Green Metropolis: David Owen’s urban manifesto
I've written before about how rural utopias usually aren't as environmentally benign as they seem, while urban places - compact, walkable cities, suburbs, and towns - encourage lifestyles that are very low-impact on a per-capita basis. It's one of the basic premises of smart growth. David Owen, author of the new book Green Metropolis, understands this and believes the message must be spread.
I was asked to write a review of Green Metropolis for Solutions, a new academic journal dedicated to "solving the mounting environmental, social and economic problems of our time." (Note: the website is only partially constructed.) Excerpted from my full review, here's some of what I have to say:
"Owen's 2004 article, 'Green Manhattan,' published in the New Yorker, was a breath of fresh air for those of us working on urban issues and sustainable alternatives to suburban sprawl. In 'Green Manhattan,' Owen made the point that when we measure environmental impacts, whether emissions, waste, or land consumption, on a per capita basis, dense cities are, in fact, the greenest places and, in the US, Manhattan is the greenest of them all. In his article, Owen clearly articulated what some of our new work at the NRDC was all about: reducing our per capita environmental footprint by finding more efficient ways to grow.
"But Owen was also right in that article to assert, as he does again in his new book, that a lot of environmentalists and a lot of the public still do not understand this sort of environmental calculation. When 'Green Manhattan' was published, I sent a copy to all of my organization's trustees, and, to my dismay, within an hour of my message, one of my colleagues had fired off a rebuttal. My colleague, who was invested in addressing problems of urban waste and pollution in New York, was not entirely wrong in fearing that Owen - and, by extension, I - were undermining his work by suggesting that Manhattan was environmentally OK the way it was. But he was wrong in failing to acknowledge that, in many ways, Manhattan was and remains a very good environmental model, with its highly efficient use of land and walkable neighborhoods. And that, if we could bring the per capita environmental footprint of America closer to that of Manhattan, we would be achieving a great green success . . .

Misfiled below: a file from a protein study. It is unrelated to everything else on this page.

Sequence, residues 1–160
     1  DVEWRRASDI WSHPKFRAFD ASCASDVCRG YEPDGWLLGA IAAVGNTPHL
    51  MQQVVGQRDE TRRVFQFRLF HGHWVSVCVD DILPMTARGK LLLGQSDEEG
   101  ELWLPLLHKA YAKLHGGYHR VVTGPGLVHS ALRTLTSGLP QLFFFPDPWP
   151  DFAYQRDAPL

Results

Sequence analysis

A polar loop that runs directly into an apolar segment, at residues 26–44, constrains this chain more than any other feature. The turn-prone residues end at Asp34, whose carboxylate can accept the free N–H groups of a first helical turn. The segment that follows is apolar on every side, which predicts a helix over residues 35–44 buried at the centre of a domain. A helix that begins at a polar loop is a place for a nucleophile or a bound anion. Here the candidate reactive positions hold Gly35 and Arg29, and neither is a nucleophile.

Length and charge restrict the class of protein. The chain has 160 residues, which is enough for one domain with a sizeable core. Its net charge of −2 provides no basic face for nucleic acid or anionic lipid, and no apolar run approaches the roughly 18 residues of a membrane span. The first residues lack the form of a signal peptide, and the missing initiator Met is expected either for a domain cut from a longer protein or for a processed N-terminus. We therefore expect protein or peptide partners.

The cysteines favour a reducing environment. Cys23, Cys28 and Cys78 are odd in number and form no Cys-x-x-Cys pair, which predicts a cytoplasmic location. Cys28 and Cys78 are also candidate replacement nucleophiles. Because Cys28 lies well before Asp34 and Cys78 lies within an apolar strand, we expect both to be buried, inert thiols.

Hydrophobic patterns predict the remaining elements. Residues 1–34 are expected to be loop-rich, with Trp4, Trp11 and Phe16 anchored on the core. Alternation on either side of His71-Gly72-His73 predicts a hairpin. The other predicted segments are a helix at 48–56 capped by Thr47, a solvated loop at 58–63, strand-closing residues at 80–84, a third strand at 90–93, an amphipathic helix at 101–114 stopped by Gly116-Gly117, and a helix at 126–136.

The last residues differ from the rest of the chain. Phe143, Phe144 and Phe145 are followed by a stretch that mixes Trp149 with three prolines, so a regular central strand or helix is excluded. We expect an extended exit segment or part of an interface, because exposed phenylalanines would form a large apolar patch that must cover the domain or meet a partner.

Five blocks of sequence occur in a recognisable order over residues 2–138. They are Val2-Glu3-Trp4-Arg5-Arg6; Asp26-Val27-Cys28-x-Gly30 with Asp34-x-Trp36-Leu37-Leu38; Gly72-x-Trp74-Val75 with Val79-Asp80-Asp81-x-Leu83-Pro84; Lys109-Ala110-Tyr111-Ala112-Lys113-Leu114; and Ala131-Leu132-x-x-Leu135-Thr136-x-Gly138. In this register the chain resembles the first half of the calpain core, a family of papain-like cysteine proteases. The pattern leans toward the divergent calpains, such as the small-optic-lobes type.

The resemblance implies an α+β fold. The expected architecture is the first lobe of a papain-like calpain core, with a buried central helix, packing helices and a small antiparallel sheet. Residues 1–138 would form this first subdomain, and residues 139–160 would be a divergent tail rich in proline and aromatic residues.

"Green Metropolis, which expands on the themes Owen introduced in 'Green Manhattan,' could not be timelier. The book is subtitled 'What the city can teach the country about sustainability,' and there is indeed a critical story to be told on the subject. Increasingly, planners and policy wonks get it, but the public, who elect our decision-makers and testify at development hearings, do not, and we need someone like Owen to help spread the word, in non-wonky English.
"To a great extent, Owen accomplishes this. Especially in his well-researched opening chapter, Owen shows how environmentally efficient a large city like New York really is, and how failing to seize upon this fundamental truth can lead us in wrong directions. He is absolutely right, for example, in pointing out that the biggest environmental challenge facing a place like New York is not, as many believe, how to reduce carbon emissions from lighting, heating and cooling buildings, a category in which New Yorkers already lead the nation on a per capita basis (like 'putting skinny people on diets,' Owen writes). It is, instead, how to address perceptions of inferior public school quality and a lack of public safety, which diminish the city's ability to attract and retain residents to its efficient lifestyle . . ."
The book contains useful chapters on transportation, parks, the inherent energy efficiency of buildings in urban locations, whether or not they employ the latest green technology, and so on. Each is filled with information and interesting anecdotes, and Green Metropolis makes a good introduction to and overview of these subjects from the point of view of an urbanist. I would recommend it especially to someone newly interested in these subjects as a good place to start.
I do think the book has some flaws, unfortunately, including one very important one. But you'll have to read my full review to know what it is.
Kaid Benfield writes (almost) daily about community, development, and the environment. For more posts, see his blog's home page.
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